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Power banks are not just a simple battery: they use sophisticated electronics circuit to manage itself being charged, and then charging other devices.The management of the battery charging and discharging is key to the way the power bank works. All power banks use rechargeable batteries based around lithium technology. Lithium-Ion and Lithium-Polymer batteries are most commonly used for power banks.These two kind of technologies have slightly different propertie. Both forms of power bank work well, but it is a balance between cost and performance.

Lithium-ion:   it offers a higher energy density. They can store more electrical charge in a given size or volume, and are cheaper to manufacture, and does not exhibit what’s called the memory effect, but they may have issues with ageing.

Lithium-polymer : it is generally more robust and flexible, especially when it comes to the size and shape of their build and they tend to last longer. They are also lightweight and have a lower chance of suffering from electrolyte leakage.  Lithium-polymer power banks do not suffer from ageing so much. However they are more costly to manufacture.

Older power banks had capacities of 3,000 to 5,000mAH only. Recent years the battery capacities have increased significantly to provide longer times between charge. While some of the latest ones available can offer huge capacities of 30,000 mAH.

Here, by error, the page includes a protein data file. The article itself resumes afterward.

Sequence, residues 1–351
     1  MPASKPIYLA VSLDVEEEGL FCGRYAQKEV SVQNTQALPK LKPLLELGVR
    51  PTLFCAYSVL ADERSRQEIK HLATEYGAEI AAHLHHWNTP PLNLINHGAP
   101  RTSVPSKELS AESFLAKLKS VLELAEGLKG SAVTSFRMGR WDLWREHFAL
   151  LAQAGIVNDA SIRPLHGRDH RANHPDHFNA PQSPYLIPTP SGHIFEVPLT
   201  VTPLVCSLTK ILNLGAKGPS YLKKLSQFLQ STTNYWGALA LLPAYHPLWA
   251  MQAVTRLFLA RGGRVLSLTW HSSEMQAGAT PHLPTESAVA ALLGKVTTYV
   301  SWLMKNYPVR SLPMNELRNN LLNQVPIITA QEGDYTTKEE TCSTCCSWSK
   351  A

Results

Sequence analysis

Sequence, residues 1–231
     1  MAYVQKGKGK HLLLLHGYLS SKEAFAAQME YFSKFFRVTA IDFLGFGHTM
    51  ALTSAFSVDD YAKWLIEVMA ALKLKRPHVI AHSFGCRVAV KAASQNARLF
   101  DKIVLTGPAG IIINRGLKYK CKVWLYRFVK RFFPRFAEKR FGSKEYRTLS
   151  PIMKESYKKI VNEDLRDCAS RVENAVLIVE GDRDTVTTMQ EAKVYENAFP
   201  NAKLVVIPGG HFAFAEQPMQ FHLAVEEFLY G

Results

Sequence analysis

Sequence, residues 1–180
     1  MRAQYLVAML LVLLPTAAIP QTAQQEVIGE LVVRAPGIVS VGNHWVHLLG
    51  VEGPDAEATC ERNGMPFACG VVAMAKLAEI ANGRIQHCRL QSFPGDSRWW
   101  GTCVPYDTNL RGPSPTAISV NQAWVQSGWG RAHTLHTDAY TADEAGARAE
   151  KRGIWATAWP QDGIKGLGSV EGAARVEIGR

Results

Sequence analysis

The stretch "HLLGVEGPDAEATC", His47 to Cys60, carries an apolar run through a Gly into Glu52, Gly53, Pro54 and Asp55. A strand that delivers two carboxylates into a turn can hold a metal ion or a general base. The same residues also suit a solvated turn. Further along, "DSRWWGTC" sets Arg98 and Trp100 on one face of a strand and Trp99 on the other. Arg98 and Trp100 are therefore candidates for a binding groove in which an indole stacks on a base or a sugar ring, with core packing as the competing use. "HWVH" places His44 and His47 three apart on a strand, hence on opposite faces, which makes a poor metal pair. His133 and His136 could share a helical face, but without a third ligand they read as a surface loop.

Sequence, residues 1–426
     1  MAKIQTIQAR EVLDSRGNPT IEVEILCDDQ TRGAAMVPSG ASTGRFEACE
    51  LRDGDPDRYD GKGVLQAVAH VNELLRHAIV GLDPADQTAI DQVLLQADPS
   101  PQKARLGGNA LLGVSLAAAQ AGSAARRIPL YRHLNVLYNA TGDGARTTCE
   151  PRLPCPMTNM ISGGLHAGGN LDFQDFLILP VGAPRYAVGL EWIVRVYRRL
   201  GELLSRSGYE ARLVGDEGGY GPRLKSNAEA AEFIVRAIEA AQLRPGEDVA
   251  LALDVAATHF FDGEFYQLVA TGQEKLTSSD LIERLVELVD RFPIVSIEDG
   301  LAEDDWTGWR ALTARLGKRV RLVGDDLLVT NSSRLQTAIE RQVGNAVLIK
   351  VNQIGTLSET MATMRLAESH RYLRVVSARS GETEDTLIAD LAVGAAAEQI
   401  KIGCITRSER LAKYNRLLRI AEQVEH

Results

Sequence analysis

There are two main forms to define a power bank lifetime.
Charge discharge cycles:   Any rechargeable battery will gradually wear out. Normally the lifetime of a battery is quoted in terms of the number of charge discharge cycles it can undergo before its performance falls by a given degree. Some cheaper power banks may only have a life of 500 or so charge discharge cycles, but better ones will have lifetimes of many more charge discharge cycles.

Self discharge time:   All battery cells, whether rechargeable or primary have a certain level of self discharge. For rechargeable batteries these days with their own control circuitry, a small amount of power is required to keep these circuits alive. A good power bank can hold charge for up to 6 months with only a small loss of charge, but lower quality ones may only retain a useful charge for about a month.
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